At 8:15 am on Sunday, March 5th 1876, Police Constable Oram of the Third Division found himself in the kitchen of Isaac Elwell. He had been called to number 4 court, 5 house, Pritchett Street by a woman in some distress. Oram described the kitchen as ‘having the appearance of a slaughter house’. Isaac Elwell was lying on an old coat on the floor of the kitchen, still alive, but in a very dangerous state. The Daily Post reported that ‘the floor was covered for a space of several yards with blood, among which were a number of small pieces of flesh’. Elwell himself was in a pool of blood, his right arm described in the report as ‘frightfully mutilated’, providing a further and very graphic account of numerous cuts along Elwell’s arm, right to the shoulder. When PC Oram lifted the poor man’s body, he found a small clasp knife, which was presumed to have been the weapon used to inflict the injuries.
Elwell was barely clinging to life, crying out for water as the surgeon, Mr. Joyce (who had been called for at the same time as Oram) carried out an examination. The surgeon shook his head and advised the police officer that Elwell’s case was ‘hopeless’. Nevertheless he was sent to the General Hospital, transported on a handcart with an old door for a stretcher on which to carry his rapidly failing body. At the hospital it was discovered that a main artery had been sliced and Elwell, ‘in spite of every attention’ died within half an hour of his arrival.
An inspection of Elwell’s house revealed a scene of great disarray. The furniture was ‘very much disarranged’ and spattered with blood, ‘as if a great struggle had taken place’, and spots of blood were also found on the pantry door. Oram began making enquiries among the neighbours, and by 11:30 am a 36 year old woman named Mary Ann Boswell was under arrest on suspicion of the murder. Mary Ann was described as a nail stamper, and lived at the same address as Elwell. In fact, she was his common law wife of more than a decade, and the pair had three children together. According to witnesses it was not a happy relationship, that ‘they were both of dissipated habits, and that he was addicted to drinking’. Elwell was married to another woman, with whom he also had children, but they had been separated for a number of years.
On Saturday afternoon Elwell and Boswell went out together, returning to the house on Pritchett Street around 4pm. After tea ‘as was his custom’ Elwell headed back out ‘evidently for the purpose of drinking’. At around 10pm on Saturday night Elwell and Boswell were seen quarrelling on Brearley Street and Elwell was reported to have assaulted Boswell and pulled her bonnet off. The witness stated that Elwell was clearly drunk. Neighbours heard arguing coming from the Pritchett Street house at 1am on Sunday morning, and a ‘noise resembling the smashing of crockery’. Shortly after this time a widow named Mrs Tain saw Mary Ann Boswell and her three children out on the street; Mary Ann was crying and said that Elwell had ‘turned them all out on the street’. The kind widow offered to take Mary Ann and the children in for the night.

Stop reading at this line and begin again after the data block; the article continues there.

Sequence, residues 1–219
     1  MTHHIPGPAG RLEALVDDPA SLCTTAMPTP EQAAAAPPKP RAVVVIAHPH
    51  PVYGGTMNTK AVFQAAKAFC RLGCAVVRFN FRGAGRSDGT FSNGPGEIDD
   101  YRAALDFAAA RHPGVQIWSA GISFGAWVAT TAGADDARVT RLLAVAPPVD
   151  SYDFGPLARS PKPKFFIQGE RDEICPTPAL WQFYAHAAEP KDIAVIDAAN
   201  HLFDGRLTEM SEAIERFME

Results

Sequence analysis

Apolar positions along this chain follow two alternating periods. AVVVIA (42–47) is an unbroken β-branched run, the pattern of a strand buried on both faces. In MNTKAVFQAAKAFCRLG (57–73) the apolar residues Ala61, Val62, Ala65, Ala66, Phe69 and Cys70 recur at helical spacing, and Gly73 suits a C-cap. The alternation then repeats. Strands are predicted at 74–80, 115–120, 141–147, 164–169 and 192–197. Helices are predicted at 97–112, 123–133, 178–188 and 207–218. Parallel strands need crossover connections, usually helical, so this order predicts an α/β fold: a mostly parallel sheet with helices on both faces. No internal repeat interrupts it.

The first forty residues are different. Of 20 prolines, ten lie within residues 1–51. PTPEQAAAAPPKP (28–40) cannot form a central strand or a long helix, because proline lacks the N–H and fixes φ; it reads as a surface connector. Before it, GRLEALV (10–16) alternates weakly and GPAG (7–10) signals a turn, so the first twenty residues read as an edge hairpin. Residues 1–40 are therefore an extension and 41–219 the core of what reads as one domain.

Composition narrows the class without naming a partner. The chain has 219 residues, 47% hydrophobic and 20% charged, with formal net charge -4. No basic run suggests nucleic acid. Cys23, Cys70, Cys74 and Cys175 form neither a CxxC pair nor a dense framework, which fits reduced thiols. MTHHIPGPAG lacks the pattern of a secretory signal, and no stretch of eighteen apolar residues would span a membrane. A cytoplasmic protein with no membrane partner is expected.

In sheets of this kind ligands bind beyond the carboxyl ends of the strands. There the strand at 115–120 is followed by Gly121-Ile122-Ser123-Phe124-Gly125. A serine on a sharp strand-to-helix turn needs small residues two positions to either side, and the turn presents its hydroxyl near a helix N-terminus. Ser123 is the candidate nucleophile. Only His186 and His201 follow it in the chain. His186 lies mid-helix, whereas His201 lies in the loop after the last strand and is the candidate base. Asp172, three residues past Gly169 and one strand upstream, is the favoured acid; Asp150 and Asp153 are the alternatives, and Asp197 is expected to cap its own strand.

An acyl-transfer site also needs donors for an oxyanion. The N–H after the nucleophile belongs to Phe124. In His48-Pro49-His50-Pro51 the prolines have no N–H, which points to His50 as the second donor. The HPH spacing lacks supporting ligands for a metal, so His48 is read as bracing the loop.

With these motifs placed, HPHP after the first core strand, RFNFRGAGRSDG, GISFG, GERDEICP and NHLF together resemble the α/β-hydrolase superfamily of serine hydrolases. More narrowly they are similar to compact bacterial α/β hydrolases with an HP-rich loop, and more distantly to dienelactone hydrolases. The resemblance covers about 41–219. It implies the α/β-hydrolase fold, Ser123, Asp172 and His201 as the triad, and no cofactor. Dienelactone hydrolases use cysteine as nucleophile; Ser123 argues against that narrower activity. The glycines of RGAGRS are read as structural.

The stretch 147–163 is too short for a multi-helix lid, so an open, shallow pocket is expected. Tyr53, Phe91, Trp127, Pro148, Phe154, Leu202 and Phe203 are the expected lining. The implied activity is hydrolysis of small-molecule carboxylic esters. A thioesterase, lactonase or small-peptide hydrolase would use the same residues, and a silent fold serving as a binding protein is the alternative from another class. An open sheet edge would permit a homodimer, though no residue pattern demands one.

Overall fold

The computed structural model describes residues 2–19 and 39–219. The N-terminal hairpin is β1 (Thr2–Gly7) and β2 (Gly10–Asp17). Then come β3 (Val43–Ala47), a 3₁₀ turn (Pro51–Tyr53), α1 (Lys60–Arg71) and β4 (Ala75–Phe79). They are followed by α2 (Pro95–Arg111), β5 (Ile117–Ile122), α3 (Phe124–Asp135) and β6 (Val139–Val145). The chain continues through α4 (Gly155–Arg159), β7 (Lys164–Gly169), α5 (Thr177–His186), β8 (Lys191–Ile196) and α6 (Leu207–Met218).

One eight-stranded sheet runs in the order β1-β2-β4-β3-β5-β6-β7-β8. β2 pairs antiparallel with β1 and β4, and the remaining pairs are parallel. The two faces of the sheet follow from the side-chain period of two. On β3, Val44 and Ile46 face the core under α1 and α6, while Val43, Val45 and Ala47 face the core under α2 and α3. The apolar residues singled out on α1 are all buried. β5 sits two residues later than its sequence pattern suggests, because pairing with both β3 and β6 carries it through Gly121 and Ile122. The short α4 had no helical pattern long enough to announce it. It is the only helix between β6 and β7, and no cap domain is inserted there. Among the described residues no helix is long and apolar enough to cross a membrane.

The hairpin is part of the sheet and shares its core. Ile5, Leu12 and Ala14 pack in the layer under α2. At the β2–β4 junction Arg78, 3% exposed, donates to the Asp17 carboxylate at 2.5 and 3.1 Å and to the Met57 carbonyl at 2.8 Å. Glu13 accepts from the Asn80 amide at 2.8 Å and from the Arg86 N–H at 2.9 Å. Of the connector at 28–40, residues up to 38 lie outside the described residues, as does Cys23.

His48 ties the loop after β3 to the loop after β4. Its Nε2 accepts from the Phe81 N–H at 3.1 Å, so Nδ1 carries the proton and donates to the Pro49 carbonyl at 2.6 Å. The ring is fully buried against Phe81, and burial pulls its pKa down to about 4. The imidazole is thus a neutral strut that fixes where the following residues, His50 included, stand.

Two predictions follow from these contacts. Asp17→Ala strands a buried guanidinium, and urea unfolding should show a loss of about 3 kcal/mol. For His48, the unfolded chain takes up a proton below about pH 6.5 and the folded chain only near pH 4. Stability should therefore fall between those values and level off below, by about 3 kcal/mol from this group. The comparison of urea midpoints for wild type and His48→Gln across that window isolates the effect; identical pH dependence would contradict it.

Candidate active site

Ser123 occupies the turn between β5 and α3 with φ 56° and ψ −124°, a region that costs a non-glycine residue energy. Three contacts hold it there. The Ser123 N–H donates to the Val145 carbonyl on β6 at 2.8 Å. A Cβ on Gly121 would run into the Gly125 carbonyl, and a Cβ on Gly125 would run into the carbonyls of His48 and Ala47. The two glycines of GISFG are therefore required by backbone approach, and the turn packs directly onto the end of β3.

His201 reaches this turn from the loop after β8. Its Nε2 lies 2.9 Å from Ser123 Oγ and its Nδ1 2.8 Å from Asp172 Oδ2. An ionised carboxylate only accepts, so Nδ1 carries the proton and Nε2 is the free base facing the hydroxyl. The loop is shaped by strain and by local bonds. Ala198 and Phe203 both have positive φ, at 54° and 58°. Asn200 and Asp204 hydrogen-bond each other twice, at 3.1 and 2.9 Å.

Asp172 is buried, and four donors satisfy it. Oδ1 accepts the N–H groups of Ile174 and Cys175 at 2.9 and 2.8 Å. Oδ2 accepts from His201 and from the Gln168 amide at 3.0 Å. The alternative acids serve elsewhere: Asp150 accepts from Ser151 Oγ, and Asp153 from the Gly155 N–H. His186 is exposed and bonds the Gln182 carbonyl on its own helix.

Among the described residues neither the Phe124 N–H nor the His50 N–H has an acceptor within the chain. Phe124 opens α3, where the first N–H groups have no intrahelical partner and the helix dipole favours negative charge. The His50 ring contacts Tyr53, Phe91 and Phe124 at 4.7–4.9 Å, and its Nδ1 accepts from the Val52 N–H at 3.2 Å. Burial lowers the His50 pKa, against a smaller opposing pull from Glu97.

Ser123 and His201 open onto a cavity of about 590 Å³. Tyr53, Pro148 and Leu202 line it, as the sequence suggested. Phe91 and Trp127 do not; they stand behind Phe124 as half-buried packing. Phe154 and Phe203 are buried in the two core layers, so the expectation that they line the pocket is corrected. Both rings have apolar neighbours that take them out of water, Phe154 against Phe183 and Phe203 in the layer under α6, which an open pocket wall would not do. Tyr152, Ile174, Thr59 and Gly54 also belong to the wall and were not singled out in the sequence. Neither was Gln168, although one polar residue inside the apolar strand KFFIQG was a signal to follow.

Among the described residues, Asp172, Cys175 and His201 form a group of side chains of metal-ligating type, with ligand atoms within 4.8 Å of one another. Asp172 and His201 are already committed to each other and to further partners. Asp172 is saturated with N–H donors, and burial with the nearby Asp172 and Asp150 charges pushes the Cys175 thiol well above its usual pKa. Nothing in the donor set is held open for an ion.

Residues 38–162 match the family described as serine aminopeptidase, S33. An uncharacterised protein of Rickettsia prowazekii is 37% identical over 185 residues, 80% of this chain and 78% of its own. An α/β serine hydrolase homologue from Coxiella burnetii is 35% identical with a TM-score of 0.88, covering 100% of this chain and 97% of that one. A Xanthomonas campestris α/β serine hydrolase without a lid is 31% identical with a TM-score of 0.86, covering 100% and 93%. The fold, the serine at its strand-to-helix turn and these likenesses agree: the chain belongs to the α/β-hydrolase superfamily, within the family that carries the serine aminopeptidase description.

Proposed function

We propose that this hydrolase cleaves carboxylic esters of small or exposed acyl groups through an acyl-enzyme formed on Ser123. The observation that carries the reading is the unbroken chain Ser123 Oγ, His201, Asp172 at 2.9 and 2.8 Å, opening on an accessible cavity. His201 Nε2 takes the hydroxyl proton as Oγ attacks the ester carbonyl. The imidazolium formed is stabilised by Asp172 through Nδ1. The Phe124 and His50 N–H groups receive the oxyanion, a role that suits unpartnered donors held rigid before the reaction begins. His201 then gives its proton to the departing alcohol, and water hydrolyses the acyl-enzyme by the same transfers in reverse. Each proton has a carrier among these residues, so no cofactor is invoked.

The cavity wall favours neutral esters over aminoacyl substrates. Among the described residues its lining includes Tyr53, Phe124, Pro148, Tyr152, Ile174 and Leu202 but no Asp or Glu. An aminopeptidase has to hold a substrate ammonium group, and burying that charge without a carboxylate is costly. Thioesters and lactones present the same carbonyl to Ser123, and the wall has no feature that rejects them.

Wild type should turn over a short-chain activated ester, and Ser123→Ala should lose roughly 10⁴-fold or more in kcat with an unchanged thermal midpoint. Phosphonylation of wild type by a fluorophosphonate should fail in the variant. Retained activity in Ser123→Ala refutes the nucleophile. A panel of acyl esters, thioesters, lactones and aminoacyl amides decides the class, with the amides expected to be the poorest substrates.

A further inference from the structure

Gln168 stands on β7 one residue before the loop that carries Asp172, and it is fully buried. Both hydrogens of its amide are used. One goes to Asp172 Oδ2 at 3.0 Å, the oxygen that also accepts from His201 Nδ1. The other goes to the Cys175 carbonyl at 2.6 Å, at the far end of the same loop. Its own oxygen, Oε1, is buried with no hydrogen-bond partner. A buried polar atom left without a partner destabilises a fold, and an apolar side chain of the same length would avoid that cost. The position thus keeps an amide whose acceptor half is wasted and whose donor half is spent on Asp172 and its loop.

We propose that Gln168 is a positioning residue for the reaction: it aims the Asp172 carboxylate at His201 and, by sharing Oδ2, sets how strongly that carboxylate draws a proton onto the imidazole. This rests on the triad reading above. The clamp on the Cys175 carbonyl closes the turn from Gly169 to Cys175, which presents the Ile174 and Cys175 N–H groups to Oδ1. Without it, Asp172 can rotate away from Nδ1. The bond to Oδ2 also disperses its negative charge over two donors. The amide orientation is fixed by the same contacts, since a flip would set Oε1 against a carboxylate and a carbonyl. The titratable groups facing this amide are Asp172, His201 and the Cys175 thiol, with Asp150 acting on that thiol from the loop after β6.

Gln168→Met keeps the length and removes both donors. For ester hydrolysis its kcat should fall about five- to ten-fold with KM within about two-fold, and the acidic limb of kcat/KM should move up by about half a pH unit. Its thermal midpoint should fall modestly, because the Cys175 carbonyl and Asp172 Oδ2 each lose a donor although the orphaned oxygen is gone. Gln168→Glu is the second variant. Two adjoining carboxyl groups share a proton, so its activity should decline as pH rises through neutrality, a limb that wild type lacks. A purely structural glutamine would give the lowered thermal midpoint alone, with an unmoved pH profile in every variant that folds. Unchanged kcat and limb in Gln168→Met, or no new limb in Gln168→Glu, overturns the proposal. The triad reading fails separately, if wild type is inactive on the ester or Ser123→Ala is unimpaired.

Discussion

At 8am on Sunday morning, Caroline Clements, a relative of Mary Ann, went to the house on Pritchett Street. She said that the door was locked and, upon knocking, was aware of the sound of low groans and ‘her suspicions excited that something was wrong’, she alerted the neighbours who helped her to break the door down, finding Elwell in the condition as described above.
Mary Ann Boswell’s statement:- Emphatically denying the charge, Mary Ann confirmed that she and Elwell had argued in Brearley Street and after he assaulted her she went ‘elsewhere’, only going back to the house to check on him at around half past midnight. She claimed that ‘he was drunk, kicking about and making a great disturbance’. It was then that she left with her children and went to stay with Mrs Tain. She said that when she last saw Elwell he did not appear to be injured. However, she did ‘intimate’ that she had two men, whom she did not name, had entered the house and assaulted the victim. It is not clear if Mary Ann actually saw this happen, and if so at what time she witnessed it. But Elwell had been subjected to a violent assault just a few weeks earlier, when he had been so badly injured that he had to attend the General Hospital for his wounds. This happened shortly after yet another violent altercation with Mary Ann.
What do you think? Was Elwell the victim of ‘persons unknown’, or did Mary Ann reach the end of her tether and resort to horrific violence? What about the story of Mrs Tain? It seems a bit different to Mary Ann’s – and how had the door come to be locked, if there had been intruders?